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Placement Day

It was the fall of 1989, I was in 4th grade and was assigned a class project… creating my family tree. This was the first time I remember feeling different when thinking about adoption. Before this, and countless times after, the thoughts and feelings I had about being adopted were positive: grateful, blessed, lucky, completely and totally loved. That time it was different, for the first time, I felt different. I completed the project but had a nagging thought that this wasn’t my family tree. It just wasn’t, that was not my biological family. I do not remember not knowing I was adopted. It was a topic of conversation in my house growing up, it was celebrated. Being adopted meant my parents were chosen for me. We were meant to be a family. (I was given the best one I could have possibly imagined. ) My story: I was adopted at birth. My birth mother chose a closed adoption. My parents picked me up on August 10, 1980. I was 20 days old. My mom forgot formula so they rushed to stop for some at a grocery store before heading to the adoption agency. (A story so often repeated at family gatherings.) They had waited 10 long years to have a baby of their own. I was told so many stories about the line of people waiting to see me when my parents took me home. Stories of people literally waiting in lines to see me. To this day, we celebrate my placement day. August 10 otherwise known as my second birthday. But that project felt different. That is when I began wondering, where do I come from? What are my biological roots? I wondered, often in silence, because I didn’t want my mom and dad to be upset. I didn’t want them to ever think I wanted something different than the amazing family I had. I didn’t want to hurt them. I found myself contemplating my word choice, if my meaning would be understood, or would this hurt my mom and dad? Because ultimately, they are just that- MY mom and dad. Their titles do not have adjectives to describe them- they are not my adoptive mom and dad or my second mom and dad. They are my mom and dad. I eventually did meet my birth mother. Even though I did not get answers to some of the questions I had pondered over for so many years, I felt a sense of acceptance and closure. I accepted that some questions aren’t always guaranteed an answer and that would have to be ok. Later, I found answers to the question from 4th grade. DNA testing kits were readily available so I purchased one. When the results came in I was able to close the chapter of longing and wondering. I felt at peace. I now know my heritage, biologically; however, as ironic as it is, knowing my biological heritage led me to feel even more connected to my family. This story, my story, is one I share whenever I am asked. I have connected with so many others that have their own story and formed relationships that I am so grateful for. My story has shaped me to be the person I am today. I struggled for so long believing I was not good enough, thinking the completely irrational thought that if my biological parents "gave me up," who would choose to love me? I now know that I am good enough, I do deserve greatness, and I am so very loved. I am able to help others through my work as a Licensed Clinical Social Worker. I am able to help others work through feelings of not being good enough, not being worthy of greatness, finding their identity, and truly connecting with others. I think about that family tree from time to time and know in my heart that I do belong and I am loved as much as if I grew from one of those branches biologically.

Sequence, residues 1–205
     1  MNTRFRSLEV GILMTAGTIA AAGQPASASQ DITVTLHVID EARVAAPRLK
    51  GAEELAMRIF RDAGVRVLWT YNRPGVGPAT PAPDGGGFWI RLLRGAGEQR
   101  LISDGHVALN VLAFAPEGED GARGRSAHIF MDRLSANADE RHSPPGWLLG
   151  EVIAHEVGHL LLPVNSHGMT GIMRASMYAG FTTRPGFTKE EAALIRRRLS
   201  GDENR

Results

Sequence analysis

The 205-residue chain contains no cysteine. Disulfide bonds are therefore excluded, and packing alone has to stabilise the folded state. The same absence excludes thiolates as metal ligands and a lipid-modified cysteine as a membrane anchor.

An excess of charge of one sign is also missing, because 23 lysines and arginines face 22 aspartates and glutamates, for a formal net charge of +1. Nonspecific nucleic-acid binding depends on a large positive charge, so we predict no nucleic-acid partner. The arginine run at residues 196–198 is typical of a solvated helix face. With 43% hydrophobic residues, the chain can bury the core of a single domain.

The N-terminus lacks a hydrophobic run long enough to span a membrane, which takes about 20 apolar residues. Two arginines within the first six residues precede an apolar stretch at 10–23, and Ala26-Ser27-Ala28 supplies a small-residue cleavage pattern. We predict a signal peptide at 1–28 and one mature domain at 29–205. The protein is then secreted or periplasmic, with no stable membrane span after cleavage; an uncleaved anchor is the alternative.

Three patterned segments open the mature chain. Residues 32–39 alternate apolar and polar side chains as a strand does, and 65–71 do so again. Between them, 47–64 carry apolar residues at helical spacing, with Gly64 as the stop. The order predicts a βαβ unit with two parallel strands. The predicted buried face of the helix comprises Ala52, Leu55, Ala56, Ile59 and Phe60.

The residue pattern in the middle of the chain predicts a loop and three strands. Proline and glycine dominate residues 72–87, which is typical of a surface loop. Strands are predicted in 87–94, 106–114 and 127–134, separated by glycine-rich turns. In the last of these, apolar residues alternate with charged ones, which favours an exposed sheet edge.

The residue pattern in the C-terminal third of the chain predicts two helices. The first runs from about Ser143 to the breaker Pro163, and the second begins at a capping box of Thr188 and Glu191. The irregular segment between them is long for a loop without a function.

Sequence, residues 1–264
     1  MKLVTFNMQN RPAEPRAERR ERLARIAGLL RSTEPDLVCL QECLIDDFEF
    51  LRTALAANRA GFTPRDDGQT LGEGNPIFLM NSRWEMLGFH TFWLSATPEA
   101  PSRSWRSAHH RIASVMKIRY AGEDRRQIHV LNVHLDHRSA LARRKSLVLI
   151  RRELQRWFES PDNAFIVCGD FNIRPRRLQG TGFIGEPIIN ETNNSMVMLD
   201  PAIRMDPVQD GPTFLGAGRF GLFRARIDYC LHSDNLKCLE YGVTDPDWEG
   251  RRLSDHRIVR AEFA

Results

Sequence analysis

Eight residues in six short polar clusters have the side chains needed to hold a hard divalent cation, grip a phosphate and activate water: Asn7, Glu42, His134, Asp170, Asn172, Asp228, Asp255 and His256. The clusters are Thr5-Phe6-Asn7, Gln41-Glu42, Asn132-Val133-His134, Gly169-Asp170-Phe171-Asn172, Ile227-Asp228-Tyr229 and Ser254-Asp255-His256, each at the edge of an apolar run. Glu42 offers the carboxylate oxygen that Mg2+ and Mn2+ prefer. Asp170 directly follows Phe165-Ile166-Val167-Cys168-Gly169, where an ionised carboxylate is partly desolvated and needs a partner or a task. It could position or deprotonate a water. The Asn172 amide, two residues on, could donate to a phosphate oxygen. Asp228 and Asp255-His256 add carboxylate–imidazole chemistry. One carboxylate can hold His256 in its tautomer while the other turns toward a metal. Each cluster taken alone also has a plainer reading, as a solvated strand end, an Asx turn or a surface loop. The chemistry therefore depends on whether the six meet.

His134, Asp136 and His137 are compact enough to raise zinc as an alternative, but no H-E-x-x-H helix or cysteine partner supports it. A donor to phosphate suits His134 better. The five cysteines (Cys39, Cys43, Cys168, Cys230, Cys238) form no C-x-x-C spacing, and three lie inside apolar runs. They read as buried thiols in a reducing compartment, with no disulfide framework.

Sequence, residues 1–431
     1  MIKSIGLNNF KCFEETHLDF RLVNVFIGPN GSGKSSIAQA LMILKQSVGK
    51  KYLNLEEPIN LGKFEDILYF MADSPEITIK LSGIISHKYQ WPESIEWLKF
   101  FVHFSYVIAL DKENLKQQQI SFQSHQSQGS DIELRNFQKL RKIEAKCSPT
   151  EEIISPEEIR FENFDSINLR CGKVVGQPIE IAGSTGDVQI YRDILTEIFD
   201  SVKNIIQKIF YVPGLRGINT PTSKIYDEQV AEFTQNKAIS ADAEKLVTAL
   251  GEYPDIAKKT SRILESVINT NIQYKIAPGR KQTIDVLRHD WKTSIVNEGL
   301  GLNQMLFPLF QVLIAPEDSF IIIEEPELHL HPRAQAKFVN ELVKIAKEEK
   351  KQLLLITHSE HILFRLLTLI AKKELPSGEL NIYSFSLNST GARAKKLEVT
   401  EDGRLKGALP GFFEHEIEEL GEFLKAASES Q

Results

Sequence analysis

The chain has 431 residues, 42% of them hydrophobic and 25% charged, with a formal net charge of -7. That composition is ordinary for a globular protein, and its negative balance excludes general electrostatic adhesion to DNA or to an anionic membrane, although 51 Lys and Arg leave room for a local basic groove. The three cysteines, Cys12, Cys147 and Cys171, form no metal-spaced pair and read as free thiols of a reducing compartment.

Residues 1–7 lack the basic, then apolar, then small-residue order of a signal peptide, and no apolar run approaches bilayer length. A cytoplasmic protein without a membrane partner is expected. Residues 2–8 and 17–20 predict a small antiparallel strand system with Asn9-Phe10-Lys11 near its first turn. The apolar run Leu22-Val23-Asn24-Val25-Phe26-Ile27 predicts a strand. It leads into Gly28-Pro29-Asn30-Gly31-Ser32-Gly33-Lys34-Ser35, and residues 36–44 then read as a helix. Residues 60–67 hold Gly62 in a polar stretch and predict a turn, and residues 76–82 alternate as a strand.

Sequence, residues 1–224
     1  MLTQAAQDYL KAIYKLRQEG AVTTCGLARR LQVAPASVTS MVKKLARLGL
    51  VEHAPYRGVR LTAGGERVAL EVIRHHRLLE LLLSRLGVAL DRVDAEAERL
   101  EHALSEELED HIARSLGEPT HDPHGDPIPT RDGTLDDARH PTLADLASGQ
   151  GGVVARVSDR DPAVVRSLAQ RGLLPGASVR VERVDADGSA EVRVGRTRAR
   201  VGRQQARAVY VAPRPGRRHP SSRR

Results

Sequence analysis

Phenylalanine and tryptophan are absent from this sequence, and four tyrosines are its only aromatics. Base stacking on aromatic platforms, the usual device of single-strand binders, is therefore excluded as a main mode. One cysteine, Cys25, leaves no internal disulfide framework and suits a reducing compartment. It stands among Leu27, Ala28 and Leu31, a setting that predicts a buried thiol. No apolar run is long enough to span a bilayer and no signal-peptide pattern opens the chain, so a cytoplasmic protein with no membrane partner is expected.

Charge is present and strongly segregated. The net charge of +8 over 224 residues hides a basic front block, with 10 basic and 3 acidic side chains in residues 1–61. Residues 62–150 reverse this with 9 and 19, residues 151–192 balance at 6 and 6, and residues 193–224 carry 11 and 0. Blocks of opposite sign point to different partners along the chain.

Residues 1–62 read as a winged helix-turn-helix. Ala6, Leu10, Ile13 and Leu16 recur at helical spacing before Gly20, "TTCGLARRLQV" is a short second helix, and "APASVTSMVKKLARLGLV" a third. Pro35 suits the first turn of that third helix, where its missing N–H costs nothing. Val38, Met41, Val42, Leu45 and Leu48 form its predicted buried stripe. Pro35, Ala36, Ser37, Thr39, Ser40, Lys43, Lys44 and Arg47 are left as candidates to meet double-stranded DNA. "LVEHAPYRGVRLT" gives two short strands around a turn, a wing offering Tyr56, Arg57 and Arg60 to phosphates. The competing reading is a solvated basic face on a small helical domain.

By: Laurel Freeman, LCSW, Local Mom, Adoptee

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